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Drinking Alcohol Is Not Right For You

Alcoholic beverages have and continue to play a big role in various cultures and civilizations.

Archaeological evidence suggests that intentional fermentation of drinks has been practiced as early as the Neolithic period.

Hebrew and Christian Bibles, the Qur’an, Greek and Roman literature, and art history document the role of drinking in people’s lives.

Drinking alcohol is frequently apart of social activities and has associations with festive, transitional, and traditional rituals.

Its consumption and behavior being subjected to self-imposed self-controls. Prohibitions on alcohol use were attempted. However, prohibition efforts were not successful.

According to the 2015 National Survey on Drug Use and Health (NSDUH), 86.4 percent of individuals 18 and older have drunk alcohol. NSDUH also reported that 15.1 million adults had alcohol use disorder (AUD). About 1.3 million received treatment for AUD in 2015.

AUD is a chronic brain disease involving compulsive alcohol use, uncontrollable alcohol intake, and a negative emotional state when not drinking.

Aside from AUD, alcohol consumption, especially when excessive, becomes a risk factor for many ailments and conditions. These folks may be at risk for cardiovascular disease, liver cirrhosis, memory loss, stomach ulcers, impotence, early aging, and more. It can also give rise to violent and irrational behavior in some individuals.

Alcohol and Oral Health

Alcohol consumption negatively affects oral health as well. This beverage can dry the gums, tongue, and oral tissue, resulting in dry mouth.

A dry mouth reduces adequate saliva which aids in sweeping away food particles from the mouth and decreases plaque buildup. A lack of saliva increases the likelihood of bad breath. Additionally, it allows the growth and production of volatile sulfur compounds (VSCs) like hydrogen sulfide and methyl mercaptan.

In a study in the Journal of Periodontology, alcoholic beverages were found to aggravate existing cases of periodontal disease and raise the risk of acquiring it. The research assessed 542 regular alcohol users, occasional drinkers, and nondrinkers both with and without periodontitis.

Based on the findings, the conclusion was that there is a correlation between the severity of a regular alcohol user’s existing periodontitis and the frequency of alcohol consumption.

Heightened emotional reactions because of lowered inhibitions when drinking can result in teeth grinding and clenching. Grinding or clenching your teeth, especially when frequent and severe, can cause jaw disorders. These acts can also damage teeth, deteriorate the enamel, expose the dentin, trigger tooth sensitivity, and cause headaches.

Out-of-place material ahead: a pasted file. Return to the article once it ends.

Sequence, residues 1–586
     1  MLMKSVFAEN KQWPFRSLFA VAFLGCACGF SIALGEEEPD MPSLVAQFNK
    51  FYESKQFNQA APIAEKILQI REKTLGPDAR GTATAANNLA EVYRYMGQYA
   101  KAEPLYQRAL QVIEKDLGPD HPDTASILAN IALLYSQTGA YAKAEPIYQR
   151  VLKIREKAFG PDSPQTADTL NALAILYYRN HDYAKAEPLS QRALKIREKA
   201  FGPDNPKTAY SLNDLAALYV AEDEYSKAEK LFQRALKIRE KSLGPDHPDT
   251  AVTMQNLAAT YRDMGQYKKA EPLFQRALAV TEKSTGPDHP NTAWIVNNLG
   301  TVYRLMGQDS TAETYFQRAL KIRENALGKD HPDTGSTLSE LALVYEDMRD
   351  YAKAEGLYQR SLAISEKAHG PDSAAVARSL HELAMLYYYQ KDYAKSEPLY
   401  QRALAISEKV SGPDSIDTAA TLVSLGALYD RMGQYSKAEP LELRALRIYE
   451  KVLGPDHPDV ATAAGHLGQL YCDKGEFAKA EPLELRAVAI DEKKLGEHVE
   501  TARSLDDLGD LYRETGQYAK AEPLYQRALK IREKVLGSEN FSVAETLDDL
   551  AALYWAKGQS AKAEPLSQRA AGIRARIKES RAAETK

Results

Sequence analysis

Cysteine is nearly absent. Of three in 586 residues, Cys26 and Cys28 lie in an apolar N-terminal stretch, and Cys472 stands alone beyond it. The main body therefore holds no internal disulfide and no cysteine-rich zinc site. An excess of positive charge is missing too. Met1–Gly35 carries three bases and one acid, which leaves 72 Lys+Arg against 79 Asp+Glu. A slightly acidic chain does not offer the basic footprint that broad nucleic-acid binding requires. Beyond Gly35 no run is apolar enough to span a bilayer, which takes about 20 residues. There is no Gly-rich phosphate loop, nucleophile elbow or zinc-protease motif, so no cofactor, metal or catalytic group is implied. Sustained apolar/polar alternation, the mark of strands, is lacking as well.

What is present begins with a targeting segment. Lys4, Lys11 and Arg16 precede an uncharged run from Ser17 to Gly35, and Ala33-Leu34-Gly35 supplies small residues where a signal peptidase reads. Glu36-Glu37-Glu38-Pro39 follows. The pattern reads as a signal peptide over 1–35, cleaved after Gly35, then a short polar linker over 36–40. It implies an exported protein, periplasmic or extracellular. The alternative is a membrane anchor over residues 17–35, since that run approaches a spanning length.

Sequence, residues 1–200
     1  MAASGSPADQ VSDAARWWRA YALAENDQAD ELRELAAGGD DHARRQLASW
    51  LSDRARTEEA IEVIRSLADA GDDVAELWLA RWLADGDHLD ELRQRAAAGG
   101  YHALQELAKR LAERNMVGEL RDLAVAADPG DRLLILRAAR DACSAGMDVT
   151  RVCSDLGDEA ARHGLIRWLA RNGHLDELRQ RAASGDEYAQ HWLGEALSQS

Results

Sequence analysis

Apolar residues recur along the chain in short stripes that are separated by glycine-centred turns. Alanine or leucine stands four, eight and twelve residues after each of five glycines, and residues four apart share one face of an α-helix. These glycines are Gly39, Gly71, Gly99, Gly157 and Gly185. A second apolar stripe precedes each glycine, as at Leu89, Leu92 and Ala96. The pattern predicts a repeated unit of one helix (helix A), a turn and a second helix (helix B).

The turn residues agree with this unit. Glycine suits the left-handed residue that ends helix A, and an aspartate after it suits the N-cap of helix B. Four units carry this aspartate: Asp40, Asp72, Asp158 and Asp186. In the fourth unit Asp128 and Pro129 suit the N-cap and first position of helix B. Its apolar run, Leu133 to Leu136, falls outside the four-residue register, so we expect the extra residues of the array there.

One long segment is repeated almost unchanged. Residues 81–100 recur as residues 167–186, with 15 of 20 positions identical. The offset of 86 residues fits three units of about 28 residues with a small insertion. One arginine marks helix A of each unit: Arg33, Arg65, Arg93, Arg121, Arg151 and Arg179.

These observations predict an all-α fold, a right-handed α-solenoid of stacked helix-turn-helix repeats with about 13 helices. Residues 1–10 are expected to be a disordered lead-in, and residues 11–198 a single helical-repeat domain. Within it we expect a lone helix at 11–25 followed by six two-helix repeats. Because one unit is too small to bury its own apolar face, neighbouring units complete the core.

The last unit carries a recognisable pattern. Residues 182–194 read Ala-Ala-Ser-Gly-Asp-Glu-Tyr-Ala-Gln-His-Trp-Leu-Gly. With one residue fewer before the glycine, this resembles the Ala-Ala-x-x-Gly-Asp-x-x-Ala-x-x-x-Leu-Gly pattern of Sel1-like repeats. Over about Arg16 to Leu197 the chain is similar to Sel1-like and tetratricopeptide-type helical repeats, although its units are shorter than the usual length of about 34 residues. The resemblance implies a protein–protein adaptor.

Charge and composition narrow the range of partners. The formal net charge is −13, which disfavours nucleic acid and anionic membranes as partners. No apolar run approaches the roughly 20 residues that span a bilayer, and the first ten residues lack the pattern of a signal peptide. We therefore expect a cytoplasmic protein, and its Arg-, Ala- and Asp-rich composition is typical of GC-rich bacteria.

Also, excessive consumption of alcohol often leads to a hangover involving gastrointestinal distress or vomiting. Vomiting can lead to dental erosion or the loss or wear of the dental hard tissues due to the acid vomit presents.

Alcohol consumption also contributes to the prevalence of oral cancer. Studies show that about 70 percent of people with oral cancer are heavy drinkers. The nutritional deficiencies related to heavy drinking lower the natural ability of the body to use antioxidants which help prevent cancer formation.

Other studies claim that cirrhosis of the liver due to alcohol intake increases the risk for oral cancer. Although, further investigation for this claim is necessary.

The “Right” Amount of Alcohol

The Dietary Guidelines for Americans by the US Departments of Health and Human Services and of Agriculture suggest one drink a day for women and two drinks a day for men.

One drink is equivalent to 14 grams or 0.6 fluid ounce of pure alcohol. This amount of alcohol is present in:

  • 12 ounces of beer with five percent alcohol content
  • 8 ounces of malt liquor with seven percent alcohol content
  • 5 ounces of wine with 12 percent alcohol content
  • 1.5 ounces of an 80-proof distilled spirits or liquor (e.g., gin, rum, or vodka)

The Dietary Guidelines suggest the following individuals to refrain from consuming alcohol at all:

  • Those younger than 21
  • Pregnant women
  • People who are driving or intending to drive
  • People who are participating in activities that require skills, coordination, and alertness
  • Those taking prescriptions that can interact with alcohol
  • Individuals suffering from certain medical conditions
  • People who are in recovery from alcoholism or have the tendency to drink beyond control
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